android app gui

 

To start programming, the “Block” button needs to be clicked. By dragging and dropping, we can add components from the bar on the left side. The global variables will be added and on-click functions for each button have to be built which will be used to change colors and/or to save the button state (on/off).

For different buttons, the process can be repeated by changing the button number and the global variable each time.

Once done, the mathematical equation needs to be built which will gather every row’s bits in one byte (B1..B8 equations). The 56 button states will be formed in 8-byte variables.

 

gathering bits

 

Finally, the app will send the 8 bytes using Bluetooth as a list of bytes when the print button is clicked.

 

send row bytes

GreenPAK Design

The Android application sends data to the Arduino, and then from Arduino to GreenPAK via I2C connection. The I2C interface in the GreenPAK SLG46537V is very powerful because it can read and write all its configuration bits (including output states and ASM RAM). The I2C write command begins with a start bit, followed by a control byte, word address byte, data byte, and stop bit.

 

I2C writing frame

 

The GreenPAK IC can be easily programmed by downloading the GreenPAK software to view the pre-made Drawing Characters on an Android App and Displaying it on LED Matrix Desing file. Connect the GreenPAK development kit to the computer, pop an unprogrammed GreenPAK IC into the development kit socket and hit program. The IC will automatically be programmed.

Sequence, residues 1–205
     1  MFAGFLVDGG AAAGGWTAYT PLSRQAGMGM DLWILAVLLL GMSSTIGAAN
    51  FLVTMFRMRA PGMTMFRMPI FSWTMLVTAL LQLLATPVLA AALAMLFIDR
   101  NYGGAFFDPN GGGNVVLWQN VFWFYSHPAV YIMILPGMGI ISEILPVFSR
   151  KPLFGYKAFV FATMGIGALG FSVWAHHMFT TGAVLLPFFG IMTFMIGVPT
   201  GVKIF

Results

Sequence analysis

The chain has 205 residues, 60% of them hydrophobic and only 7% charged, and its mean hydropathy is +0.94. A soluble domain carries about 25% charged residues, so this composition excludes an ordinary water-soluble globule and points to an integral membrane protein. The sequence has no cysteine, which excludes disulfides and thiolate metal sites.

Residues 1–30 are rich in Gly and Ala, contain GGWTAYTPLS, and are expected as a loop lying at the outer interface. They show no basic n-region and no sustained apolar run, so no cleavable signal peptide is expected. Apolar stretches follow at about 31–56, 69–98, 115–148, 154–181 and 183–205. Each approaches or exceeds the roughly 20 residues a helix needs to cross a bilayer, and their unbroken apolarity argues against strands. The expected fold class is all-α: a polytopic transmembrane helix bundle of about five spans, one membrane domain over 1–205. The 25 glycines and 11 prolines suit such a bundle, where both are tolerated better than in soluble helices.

Once the IC is programmed, you can keep the IC in the development kit socket for easier access to the pins, or for volume production, you can create a tiny PCB board to access the chip.

With the GreenPAK IC programmed, now you can skip to the next step.

If you would like to better understand and modify the circuitry here is an overview of how the GreenPAK was programmed.

The Android application sends data to the Arduino, and then from the Arduino to the GreenPAK via I2C connection. The I2C interface in the Silego SLG46537V can read and write all its configuration bits (including output states and ASM RAM). The I2C write command begins with a start bit, followed by a control byte, word address byte, data byte and stop bit. In GreenPAK, we start designing the I2C block. This block is enabled from the properties bar and then the control code is chosen. Then two wires will be connected between pins 8, 9(SCL, SDA) and from the control code list, the device address is chosen (a number from 0 to 15). In our project, 0 (0b0000) is selected.

 

I2c block connection

 

A controller that will show bytes in rows needs to be made. For that, a State Machine block (ASM) has to be used. There are 24 state transition inputs, 1 nRESET input, and 8 output lines. The ASM block is defined using state transitions and state outputs. Every state will represent one row and it will show the byte that is received from the Arduino. The movement from the current state to the next one happens by applying a high signal on the next state enable’s pin and a low signal on the current state enable’s pin.